Argentine stocks traded down as much as 10% this Wednesday on Wall Street, where the main indices also fell. Mercado Libre, the one that fell the most.
The only actions that marked a rise were Corporación América, with a rise of 0.2%, and Irsa, with an improvement of 0.2%.
Wall Street closed sharply lower on Wednesday: the S&P 500 lost 163.59 points, or 4%, to 3,925.18 points; the Nasdaq fell 561.50 points, or 4.7%, to 11,423.03; and the Dow Jones Industrial Average fell 1,148.11 points, or 3.5%, to 31,506.48.
“Low income (citizens) shop at Walmart; the middle income is people who shop at Target. So (inflation) is starting to go up the pyramid,” he said.”The reality is not too good for consumption. You have to be realistic,” he concluded.The S&P 500 is down 17% so far this year and the Nasdaq is down 27%, hurt by lower growth stocks.After poor prospects announced by some retail groups, with Target stores losing 25%, all 11 sectors of the S&P 500 closed in the red.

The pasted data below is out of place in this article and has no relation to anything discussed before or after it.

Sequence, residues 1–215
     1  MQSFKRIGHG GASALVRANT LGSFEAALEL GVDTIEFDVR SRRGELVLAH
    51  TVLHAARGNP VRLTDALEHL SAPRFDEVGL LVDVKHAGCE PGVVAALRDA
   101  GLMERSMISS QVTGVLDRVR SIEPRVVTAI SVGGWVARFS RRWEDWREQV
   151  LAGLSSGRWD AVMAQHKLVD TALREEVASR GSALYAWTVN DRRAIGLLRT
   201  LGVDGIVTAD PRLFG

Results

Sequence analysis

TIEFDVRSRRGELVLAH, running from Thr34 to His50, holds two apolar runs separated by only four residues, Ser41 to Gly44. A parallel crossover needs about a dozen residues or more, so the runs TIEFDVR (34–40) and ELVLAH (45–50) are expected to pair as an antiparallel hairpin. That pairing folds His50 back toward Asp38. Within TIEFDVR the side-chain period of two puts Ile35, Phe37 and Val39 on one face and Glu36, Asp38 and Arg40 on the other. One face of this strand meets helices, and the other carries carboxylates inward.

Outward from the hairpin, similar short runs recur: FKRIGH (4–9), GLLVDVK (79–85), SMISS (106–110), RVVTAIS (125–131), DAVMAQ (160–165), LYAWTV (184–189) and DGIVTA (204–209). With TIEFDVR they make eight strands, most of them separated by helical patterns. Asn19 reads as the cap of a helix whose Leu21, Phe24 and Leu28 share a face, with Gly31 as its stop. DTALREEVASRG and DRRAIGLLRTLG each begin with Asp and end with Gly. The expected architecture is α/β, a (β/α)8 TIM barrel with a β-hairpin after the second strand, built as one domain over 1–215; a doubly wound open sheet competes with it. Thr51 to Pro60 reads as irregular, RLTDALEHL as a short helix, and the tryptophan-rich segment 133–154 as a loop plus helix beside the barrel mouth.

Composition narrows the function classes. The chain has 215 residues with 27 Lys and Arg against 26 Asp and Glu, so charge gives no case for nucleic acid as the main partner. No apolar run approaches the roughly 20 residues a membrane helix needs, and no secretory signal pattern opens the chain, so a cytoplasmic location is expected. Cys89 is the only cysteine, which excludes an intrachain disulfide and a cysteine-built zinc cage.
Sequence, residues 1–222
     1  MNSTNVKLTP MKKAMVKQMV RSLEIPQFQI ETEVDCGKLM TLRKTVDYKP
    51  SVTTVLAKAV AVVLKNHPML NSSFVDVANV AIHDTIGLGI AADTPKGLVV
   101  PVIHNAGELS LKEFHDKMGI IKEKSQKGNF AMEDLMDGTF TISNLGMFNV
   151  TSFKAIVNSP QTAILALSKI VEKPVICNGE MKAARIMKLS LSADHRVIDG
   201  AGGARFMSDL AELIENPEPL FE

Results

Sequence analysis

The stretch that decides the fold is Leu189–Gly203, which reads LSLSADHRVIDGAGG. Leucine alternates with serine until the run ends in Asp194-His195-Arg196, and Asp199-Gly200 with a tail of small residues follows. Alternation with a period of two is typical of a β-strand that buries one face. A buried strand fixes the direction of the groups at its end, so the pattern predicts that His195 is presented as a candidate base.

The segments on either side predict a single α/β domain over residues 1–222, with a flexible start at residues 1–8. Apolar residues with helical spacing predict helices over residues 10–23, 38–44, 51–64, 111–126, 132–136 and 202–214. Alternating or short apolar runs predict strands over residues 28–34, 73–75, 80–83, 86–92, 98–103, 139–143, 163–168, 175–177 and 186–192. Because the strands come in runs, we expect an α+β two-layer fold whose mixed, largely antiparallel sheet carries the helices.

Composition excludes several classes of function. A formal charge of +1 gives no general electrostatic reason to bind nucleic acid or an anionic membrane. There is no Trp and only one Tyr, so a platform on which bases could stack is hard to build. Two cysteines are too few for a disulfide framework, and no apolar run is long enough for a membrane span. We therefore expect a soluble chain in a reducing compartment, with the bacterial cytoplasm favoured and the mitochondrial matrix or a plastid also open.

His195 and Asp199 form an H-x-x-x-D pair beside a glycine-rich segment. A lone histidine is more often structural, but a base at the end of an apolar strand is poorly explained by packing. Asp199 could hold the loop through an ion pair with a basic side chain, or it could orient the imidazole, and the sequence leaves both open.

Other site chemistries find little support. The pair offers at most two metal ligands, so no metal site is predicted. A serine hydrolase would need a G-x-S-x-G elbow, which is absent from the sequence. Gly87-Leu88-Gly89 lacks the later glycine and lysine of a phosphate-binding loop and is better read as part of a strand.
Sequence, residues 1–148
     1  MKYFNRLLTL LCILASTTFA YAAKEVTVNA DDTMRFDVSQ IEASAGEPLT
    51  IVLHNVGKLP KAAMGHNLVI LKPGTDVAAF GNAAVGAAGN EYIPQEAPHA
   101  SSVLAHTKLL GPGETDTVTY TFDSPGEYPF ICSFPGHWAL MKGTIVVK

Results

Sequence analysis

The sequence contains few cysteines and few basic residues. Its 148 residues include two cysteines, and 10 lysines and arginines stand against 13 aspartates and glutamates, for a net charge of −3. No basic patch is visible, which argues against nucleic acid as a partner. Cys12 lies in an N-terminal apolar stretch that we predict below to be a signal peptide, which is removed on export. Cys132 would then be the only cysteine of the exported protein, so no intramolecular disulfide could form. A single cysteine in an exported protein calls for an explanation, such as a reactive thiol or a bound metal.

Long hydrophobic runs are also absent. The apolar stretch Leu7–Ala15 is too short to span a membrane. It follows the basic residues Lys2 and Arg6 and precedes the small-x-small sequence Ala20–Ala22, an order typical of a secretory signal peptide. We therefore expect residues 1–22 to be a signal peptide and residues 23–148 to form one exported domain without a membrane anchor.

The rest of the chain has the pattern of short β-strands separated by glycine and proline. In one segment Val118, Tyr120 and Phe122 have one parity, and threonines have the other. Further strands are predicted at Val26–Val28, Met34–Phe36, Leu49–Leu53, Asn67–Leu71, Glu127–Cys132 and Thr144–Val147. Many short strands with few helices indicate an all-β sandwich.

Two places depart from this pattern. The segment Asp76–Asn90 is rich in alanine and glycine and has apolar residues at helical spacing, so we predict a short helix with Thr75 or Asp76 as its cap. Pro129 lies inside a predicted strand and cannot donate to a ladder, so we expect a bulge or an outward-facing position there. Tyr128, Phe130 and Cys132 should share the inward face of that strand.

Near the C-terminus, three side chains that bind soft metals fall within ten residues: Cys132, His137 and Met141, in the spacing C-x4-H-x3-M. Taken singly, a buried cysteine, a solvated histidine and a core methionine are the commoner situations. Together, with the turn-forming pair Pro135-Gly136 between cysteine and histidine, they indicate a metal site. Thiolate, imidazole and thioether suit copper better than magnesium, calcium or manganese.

The spectacular drop in the stock of Target supermarkets, from 25% to 160 dollars per share – a rare drop in the retail sales sector – drew the attention of investors, as it showed the impact of rising prices on consumption and company profits.The president of the firm, Brian Cornell, after the drop in quarterly profits, complained about cost increases and warned that sales would fall in 2023.
For Peter Cardillo of Spartan Capital, “the decline in the indices reflects a combination of factors, in particular profit-taking by investors, bad news from companies and a mediocre indicator with the fall in new home construction.”“People are buying expensive products less and less, and turning to generic products,” said Gregori Volokhine of Meeschaert Financial Services.“Low-income (citizens) shop at Walmart; the middle income is people who shop at Target. So (inflation) is starting to go up the pyramid,” he said.“The reality is not too good for consumption. You have to be realistic,” he concluded.